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Book of the Week

Each week, we'll let you know about the new releases the editors of O and Oprah.com couldn't stop reading.
See Now Then by Jamaica Kincaid

See Now Then

192 pages; Farrar Strauss Giroux
Why does a marriage—finally and irrefutably—end? asks Jamaica Kincaid in her latest novel. Mr. and Mrs. Sweet struggle with their very different upbringings while marching forward into an uncertain future. Mr. Sweet, a composer, was raised in wealthy, elegant Manhattan; Mrs. Sweet, a stay-at-home mother, grew up underprivileged on a Caribbean island. Mr. Sweet longs for fame and intellectual companionship, eventually finding it in a younger woman. Mrs. Sweet, on the other hand, is left with her garden and French dishes, a son with ADD and a daughter who hopelessly prefers her father. The sense of lostness on the part of Mrs. Sweet, her feeling that she doesn't fit into this family's tidy Vermont world and that not only is she drowning but also that she is taking her family down with her is what makes the story so compelling—and heartbreaking. "When I as child," she says, "I seemed unable to do anything that please anyone, and that included me, my own self." Kincaid is an inventive writer, best known for her stunning short-story collection At the Bottom of the River, and in See Now Then, she takes all kinds of writerly risks: moving from past to present to future, exploring how we think of our relationships in our minds, where beginnings, middles and end exist simultaneously. At times, Mr. Sweet comes off has such an unkind and unforgiving person that he alienates the reader. But persevere: The final chapter of this novel is one of the most moving reflections on the end of love ever written—full of rage and forgiveness and truth. "I don't understand," says Mrs. Sweet, and she is correct. We attempt to identify the facts of the matter when a marriage implodes or love fails despite every effort. We sift through each motivation and action. But there is never one single why that explains it all to our satisfaction. That is life—and that is fiction when it best expresses the human experience.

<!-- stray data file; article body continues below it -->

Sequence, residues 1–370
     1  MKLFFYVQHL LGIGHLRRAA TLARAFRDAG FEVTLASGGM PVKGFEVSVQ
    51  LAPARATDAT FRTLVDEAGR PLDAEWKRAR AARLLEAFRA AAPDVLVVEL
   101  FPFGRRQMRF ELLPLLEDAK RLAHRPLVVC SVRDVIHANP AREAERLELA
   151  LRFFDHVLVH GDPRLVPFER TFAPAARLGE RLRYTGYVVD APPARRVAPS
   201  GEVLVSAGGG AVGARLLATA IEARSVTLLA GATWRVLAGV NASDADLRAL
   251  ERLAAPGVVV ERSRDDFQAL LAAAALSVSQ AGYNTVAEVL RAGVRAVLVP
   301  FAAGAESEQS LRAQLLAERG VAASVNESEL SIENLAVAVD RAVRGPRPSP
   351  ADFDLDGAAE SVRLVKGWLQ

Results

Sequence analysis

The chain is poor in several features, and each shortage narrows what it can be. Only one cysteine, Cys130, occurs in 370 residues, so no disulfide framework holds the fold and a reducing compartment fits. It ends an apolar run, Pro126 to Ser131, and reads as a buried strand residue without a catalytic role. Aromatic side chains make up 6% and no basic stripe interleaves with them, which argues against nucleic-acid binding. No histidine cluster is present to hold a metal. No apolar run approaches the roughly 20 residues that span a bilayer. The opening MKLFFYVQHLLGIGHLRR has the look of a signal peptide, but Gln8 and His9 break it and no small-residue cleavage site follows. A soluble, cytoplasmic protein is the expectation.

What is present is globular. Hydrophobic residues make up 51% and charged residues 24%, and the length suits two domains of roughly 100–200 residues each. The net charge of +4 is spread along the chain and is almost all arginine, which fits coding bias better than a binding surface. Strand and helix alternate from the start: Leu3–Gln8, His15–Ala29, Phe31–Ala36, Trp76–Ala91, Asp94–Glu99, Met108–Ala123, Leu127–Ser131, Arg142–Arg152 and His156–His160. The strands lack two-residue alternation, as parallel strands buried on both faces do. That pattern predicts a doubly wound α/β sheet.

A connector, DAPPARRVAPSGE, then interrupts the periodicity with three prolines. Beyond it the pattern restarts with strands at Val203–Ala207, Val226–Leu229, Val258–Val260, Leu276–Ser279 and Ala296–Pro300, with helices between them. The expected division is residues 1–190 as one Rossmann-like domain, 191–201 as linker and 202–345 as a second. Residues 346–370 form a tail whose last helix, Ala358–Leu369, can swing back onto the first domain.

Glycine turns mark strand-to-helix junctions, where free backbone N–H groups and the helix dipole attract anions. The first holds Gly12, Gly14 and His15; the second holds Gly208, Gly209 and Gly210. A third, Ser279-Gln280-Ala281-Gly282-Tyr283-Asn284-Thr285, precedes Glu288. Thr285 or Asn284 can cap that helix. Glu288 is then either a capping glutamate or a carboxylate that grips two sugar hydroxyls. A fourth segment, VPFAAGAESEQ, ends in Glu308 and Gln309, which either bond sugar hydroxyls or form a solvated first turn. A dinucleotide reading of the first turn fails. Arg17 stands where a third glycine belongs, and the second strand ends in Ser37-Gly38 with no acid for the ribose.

— Leigh Newman

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